What Is a Planogram?
Ask any experienced retail store owner and they’ll agree: planning where and how to display merchandise is critical to a store’s success. Blindly placing products on shelves with no sense of organization will result in a cluttered mess that discourages shoppers from making a purchase. Thankfully, a planogram can make the process easier by guiding store owners and their employees on how to display their product.
A planogram is exactly what it sounds like: a visual diagram that defines where and how product should be displayed. The Oxford Dictionary defines “planograms” as “a diagram or model that indicates the placement of retail products on shelves in order to maximize sales,” which is a pretty accurate definition by most standards. A typical planogram may feature a diagram of shelves along with the appropriate shelf height and the respective product to be displayed. Other planograms may feature illustrations of pegboards or other visual merchandising displays.
While hundreds of major retailers from across the globe now use planograms, their origins go back to the K-Mart. It’s believed that K-Mart was the first store to use planograms. Over the years, other retailers took notice and began using them as well.
So, why should retailers use planograms? These otherwise simple illustrations can make a world of difference in a store’s visual merchandising, and subsequently its sales. Planograms are typically created using computer software, allowing for precise measurements and calculations to ensure the product is displayed in the most efficient and engaging manner possible. Trying to “eyeball” a location on a shelf to display a product doesn’t always work. With a planogram, store owners can display their product with greater ease, ensuring each and every item fits in its intended location.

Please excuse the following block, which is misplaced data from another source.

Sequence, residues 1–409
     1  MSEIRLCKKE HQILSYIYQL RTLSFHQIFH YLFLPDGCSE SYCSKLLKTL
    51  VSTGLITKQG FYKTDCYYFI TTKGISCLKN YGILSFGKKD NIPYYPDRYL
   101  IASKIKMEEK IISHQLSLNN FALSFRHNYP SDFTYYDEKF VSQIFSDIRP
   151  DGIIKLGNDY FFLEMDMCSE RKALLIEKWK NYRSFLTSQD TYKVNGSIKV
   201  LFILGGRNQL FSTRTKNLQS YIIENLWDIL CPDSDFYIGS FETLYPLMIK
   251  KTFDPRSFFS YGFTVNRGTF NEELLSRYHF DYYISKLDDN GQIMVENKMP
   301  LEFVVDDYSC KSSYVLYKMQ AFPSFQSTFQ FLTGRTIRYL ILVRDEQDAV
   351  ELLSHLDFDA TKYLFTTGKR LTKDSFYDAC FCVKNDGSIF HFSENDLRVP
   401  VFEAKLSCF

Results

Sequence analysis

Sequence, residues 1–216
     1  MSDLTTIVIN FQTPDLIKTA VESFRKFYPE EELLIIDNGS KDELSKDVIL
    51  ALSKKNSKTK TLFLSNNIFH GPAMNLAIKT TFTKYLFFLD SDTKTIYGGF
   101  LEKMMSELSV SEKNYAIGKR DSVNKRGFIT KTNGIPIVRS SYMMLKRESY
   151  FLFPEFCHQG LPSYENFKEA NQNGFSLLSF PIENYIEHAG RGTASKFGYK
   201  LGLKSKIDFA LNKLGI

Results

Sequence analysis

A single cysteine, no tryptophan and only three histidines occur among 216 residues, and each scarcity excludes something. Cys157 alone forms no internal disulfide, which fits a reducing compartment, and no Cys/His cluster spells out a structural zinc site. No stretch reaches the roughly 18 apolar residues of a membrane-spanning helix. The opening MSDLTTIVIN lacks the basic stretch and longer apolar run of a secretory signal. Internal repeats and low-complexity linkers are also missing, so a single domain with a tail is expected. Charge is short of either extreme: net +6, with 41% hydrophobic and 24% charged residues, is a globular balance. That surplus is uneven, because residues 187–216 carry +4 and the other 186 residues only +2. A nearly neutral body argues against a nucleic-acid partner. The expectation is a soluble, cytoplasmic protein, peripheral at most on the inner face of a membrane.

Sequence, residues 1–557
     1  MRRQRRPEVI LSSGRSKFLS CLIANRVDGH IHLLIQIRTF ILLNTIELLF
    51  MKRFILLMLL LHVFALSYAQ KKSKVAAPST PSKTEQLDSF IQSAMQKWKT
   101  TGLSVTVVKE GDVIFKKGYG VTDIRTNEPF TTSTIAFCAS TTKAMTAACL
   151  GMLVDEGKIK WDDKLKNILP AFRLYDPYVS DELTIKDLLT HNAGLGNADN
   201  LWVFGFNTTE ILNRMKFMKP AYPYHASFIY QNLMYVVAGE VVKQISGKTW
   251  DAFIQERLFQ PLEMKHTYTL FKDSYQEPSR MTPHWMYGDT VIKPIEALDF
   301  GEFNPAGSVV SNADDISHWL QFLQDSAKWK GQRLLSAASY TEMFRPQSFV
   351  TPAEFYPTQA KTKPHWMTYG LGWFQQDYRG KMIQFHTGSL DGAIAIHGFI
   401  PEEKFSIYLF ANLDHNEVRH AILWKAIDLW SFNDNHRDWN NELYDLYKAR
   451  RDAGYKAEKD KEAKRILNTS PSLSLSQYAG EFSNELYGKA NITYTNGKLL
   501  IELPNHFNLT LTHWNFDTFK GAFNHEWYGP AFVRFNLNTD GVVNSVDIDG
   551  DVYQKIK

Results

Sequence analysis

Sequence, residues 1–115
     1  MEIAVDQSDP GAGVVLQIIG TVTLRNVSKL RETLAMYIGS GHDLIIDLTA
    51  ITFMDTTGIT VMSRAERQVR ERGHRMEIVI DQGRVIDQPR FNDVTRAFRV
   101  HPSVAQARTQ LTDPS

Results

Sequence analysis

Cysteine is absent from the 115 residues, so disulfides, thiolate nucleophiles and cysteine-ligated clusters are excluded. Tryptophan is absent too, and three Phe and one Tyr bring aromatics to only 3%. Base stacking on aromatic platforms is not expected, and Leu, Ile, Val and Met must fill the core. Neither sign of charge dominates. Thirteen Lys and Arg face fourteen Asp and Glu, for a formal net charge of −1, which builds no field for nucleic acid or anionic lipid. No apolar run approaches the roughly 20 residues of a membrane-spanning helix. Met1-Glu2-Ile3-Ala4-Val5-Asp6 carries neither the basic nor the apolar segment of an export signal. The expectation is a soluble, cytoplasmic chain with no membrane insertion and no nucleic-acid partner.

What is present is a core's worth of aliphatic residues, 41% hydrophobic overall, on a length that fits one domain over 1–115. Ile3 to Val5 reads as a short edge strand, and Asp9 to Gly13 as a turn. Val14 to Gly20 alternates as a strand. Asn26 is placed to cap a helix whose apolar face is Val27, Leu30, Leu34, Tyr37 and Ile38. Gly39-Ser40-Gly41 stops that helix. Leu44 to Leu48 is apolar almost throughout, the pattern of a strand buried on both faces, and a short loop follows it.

Planograms typically provide the following targets:
- To optimize the store’s available space in the most efficient manner possible.
- To ensure proper inventory levels on shelves.
- To facilitate the brand’s identify with the retailer.
- To assist in mapping the store’s layout.
But planograms aren’t designed for all retail stores and businesses. Boutique apparel shops, for instance, may have display their product in a more appealing manner by manually setting up their product instead of using a planogram.
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